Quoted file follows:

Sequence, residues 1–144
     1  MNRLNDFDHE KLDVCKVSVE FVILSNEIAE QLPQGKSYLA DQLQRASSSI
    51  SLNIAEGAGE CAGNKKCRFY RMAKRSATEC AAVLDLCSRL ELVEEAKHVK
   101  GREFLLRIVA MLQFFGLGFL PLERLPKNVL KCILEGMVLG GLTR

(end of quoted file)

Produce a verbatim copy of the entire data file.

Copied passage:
Sequence, residues 1–144
     1  MNRLNDFDHE KLDVCKVSVE FVILSNEIAE QLPQGKSYLA DQLQRASSSI
    51  SLNIAEGAGE CAGNKKCRFY RMAKRSATEC AAVLDLCSRL ELVEEAKHVK
   101  GREFLLRIVA MLQFFGLGFL PLERLPKNVL KCILEGMVLG GLTR